- Category: Volume 86 (Fall 2014 - Spring 2015)
- Published: 01 April 2015
- Written by CLARE MAURER | STAFF WRITER
When students come to college, they leave a world of 6 am alarms and sleepy rides on dirty busses behind them. Now, they have the power to control when they wake up for class, if they decide to attend that day.
For many students, it isn’t possible to hide from the inevitable 8:30 am class. Students also have the choice to go to classes at the prime 2:30 pm spot, or even take classes that stretch from 7-10 pm once a week. With all these options, plus the sleep deprivation and mounting stress students face, it isn’t easy to pinpoint which time students are more likely to be late, but the majority of students feel that the morning classes are the culprit.
With clubs, sports, work, Greek organizations, community service, textbook readings, group projects, going to the gym, doing laundry, and occasionally eating and sleeping, a college student’s schedule is packed. Each class comes with high stakes of expectations and assignments. For classes that apply to one’s major, skipping or tardiness arent as common.
Students understand that these classes are instrumental to their lives post-college. But for that Intro to Geology course on Friday morning… skipping doesn’t seem like a big deal. Sometimes, I will give myself a pep talk into skipping a class like this. I’ll tell myself, “Hey, you deserve this. Go back to sleep.” But then, when I roll into Edison the next week and realize I didn’t learn about the bone structure of dinosaurs, I’ll regret those two extra hours of slumber. Skipping class offers students a way to control their daily lives more so than in high school, and the precipice of whether to skip or not, to show up half an hour late or not, is steep.
One of the reasons students skip or come late is because the consequences aren’t as dire as in high school. The Vice Principal isn’t going to call your mom at work or leave a message on the home phone. No one has to know you stayed in to catch up on “Grey’s Anatomy!” The consequences, of course, come down the line, when you aren’t prepared for the pop quiz during the next class.
When students are bogged down with all the work and activities college throws at you, waking up in the morning isn’t easy. There are no mothers knocking on your bedroom door to wake you up, and it sure isn’t your roommate’s job to be your alarm clock. So you sleep in. You give yourself a half hour to nap it out, and roll into class in your sweats. When polled on what time they were more likely to be late to class, the answer of “morning” was overwhelming. Not one student claimed afternoon or evening.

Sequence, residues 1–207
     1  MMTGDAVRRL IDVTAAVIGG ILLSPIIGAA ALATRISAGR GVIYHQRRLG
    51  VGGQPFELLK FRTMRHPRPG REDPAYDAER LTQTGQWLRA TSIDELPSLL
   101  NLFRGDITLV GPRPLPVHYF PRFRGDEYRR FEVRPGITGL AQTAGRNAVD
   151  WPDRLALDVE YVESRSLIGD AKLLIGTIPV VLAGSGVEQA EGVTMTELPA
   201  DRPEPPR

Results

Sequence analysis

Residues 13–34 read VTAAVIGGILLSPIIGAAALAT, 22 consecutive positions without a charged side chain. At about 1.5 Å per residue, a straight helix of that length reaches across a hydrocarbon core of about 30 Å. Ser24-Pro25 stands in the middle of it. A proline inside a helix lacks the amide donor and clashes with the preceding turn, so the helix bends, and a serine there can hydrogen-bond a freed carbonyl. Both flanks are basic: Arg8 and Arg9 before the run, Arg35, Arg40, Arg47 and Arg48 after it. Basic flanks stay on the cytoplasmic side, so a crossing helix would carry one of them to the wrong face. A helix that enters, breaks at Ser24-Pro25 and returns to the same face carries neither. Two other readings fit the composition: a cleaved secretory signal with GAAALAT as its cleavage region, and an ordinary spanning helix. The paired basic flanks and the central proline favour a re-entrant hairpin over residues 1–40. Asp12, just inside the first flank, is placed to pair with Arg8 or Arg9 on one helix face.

Jackie Giacalone, a sophomore public relations major, explained, “In the morning I’m more likely to oversleep, but at night I’m up and ready to go.”
Danielle Romanowski, a sophomore in the PR field, agreed. “[I’m most likely to be late in the] morning, because I never want to get out of my bed,” she said.
While rolling into class late doesn’t seem like a big deal, it can lead to a bad habit. If a student skips once, they are more likely to make skipping or tardiness a habit. College is supposed to prepare students for the workforce, and if you don’t feel like coming in to the office at 9 am, you can’t just cruise in at 11 am and expect no consequences.
It also is frustrating for professors, who fill up their allotted class time with as much as they can. A student coming in halfway through disrupts the flow of the class, and shows the professor that the student doesn’t really care. Jennifer Mantle, an instructor of the English department, points out that a big reason students come late or not at all, is poor time management.
“It disrupts the class,” she said of when students come late. If students could achieve better time management skills, perhaps that could help with students coming late. After all, “They know from the syllabus it could affect their grade,” Mantle adds. From a professor’s point of view, Mantle prefers that students come late, rather than not at all, but not if they are going to miss half of the class.
“What bothers me is the disrespect for their classmates,” she concluded, referring to the fact that if a student bursts in in the middle of a lecture; it can throw off the focus of the students.
While hitting the snooze button a few times in the morning seems like a fine idea, it’s vital for students that they don’t let it become a habit. If they skip and ask a peer what they missed, they will usually get the reply “Nothing much.” The student will assume this is true, and then once the test comes around, they’ll realize they missed out on a lot of information. College students have freedom and the power to choose, and what we need to do more, is choose to come to class.
IMAGE TAKEN from nbcnews.com